By Mira Sethi
A recent Taliban hit list named 15 journalists, including my father and TV anchor Raza Rumi. On Friday, assassins came after Rumi.
On Friday, Raza Rumi, a well-known TV anchor on Pakistan’s Express News, narrowly escaped an assassination attempt in the center of Lahore. His driver, shot 11 times by two gunmen, died at the hospital.
Raza, a friend, had just left the television studio when two men on a motorcycle rode up next to his car, unleashing a volley of bullets. Raza was sitting in the back seat, and he plunged his body onto the floor.
“The tragedy is that the state cannot protect us,” Raza told me. “I should say, if the state doesn’t kill you, nonstate actors will.” It made me think: In the good old days, repressive governments bullied, blackmailed and imprisoned journalists. But at least you got out alive.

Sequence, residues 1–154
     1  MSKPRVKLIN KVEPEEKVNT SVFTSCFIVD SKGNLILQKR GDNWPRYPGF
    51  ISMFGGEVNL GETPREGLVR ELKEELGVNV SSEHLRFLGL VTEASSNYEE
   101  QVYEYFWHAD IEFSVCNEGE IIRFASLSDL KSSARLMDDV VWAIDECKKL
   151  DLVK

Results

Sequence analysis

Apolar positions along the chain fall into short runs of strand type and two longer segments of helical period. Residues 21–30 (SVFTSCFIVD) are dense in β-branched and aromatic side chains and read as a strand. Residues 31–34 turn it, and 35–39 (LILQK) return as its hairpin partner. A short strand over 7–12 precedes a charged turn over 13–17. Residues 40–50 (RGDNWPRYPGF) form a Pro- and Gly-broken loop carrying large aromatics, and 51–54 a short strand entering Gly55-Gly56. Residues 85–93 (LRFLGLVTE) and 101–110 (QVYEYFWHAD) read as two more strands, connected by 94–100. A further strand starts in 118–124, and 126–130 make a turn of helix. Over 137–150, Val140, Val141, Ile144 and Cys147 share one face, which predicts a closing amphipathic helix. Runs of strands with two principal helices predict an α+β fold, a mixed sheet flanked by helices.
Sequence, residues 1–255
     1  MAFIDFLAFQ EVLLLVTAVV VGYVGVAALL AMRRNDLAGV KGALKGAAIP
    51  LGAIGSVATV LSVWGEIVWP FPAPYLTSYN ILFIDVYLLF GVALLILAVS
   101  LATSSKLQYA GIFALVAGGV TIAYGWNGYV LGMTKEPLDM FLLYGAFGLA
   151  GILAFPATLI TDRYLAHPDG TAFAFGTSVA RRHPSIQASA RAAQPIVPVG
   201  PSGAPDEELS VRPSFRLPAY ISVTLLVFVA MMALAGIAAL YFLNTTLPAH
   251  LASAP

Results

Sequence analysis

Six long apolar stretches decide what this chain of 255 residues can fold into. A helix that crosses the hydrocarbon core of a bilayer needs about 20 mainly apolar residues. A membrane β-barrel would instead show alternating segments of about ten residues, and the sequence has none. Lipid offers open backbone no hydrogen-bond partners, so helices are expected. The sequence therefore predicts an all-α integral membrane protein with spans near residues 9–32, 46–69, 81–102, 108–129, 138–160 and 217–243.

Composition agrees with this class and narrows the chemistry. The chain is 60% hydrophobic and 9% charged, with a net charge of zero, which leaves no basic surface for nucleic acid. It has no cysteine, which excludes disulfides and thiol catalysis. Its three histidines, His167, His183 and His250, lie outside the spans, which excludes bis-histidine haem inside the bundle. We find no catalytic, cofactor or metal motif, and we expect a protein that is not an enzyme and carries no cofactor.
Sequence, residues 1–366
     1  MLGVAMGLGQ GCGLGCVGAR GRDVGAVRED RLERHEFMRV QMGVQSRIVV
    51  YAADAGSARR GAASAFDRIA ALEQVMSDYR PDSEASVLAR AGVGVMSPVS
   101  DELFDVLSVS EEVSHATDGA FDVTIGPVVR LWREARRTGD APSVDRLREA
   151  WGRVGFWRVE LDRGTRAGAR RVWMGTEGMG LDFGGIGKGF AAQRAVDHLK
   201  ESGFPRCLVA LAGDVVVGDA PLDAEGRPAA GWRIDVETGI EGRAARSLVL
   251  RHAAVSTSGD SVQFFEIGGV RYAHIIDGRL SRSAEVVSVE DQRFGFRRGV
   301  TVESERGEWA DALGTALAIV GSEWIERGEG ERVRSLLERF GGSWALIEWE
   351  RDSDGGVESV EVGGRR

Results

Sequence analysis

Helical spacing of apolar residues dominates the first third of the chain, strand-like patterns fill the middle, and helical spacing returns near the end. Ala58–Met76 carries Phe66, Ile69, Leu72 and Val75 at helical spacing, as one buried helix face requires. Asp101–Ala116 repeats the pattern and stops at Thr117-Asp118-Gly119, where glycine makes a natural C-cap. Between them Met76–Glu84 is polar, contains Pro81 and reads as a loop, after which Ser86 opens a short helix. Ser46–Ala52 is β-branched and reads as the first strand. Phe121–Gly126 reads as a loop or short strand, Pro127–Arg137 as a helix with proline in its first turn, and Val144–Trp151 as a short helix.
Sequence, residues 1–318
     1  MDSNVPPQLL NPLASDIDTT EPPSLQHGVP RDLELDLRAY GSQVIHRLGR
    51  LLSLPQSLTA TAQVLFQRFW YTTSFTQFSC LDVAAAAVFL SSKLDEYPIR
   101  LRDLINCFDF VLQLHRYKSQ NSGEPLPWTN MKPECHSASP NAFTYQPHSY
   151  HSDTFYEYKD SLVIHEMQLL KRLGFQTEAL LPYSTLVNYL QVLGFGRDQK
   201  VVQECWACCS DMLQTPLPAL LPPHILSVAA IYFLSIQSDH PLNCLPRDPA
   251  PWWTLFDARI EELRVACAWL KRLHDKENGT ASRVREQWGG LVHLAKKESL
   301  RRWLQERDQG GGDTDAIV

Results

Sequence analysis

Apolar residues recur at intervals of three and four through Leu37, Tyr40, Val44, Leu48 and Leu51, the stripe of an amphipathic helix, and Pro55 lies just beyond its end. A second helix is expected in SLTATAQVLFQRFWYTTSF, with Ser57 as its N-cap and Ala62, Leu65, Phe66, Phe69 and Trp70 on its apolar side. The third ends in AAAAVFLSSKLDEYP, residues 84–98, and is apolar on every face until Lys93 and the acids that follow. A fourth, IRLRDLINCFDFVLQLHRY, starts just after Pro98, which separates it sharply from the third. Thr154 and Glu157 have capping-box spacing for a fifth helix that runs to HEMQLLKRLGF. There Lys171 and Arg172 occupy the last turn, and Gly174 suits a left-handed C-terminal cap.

In modern Pakistan, the government is immobilized by a clutch of sectarian organizations and terrorist groups. This is a Pakistan in which one of the most popular politicians, Imran Khan, labels those who want the government and army to fight the Taliban, like those on the hit list, as “American agents” who are “dollar-fed.”
In recent months, as the liberal (as in nonsectarian) Pakistani media have closed ranks against the Taliban, the media have been threatened and attacked. The Taliban, who obsessively monitor opinion and news content, know exactly who speaks out loudest against them. Raza is one of these people. He is a “liberal”—a term almost uniformly used as a pejorative in modern-day Pakistan.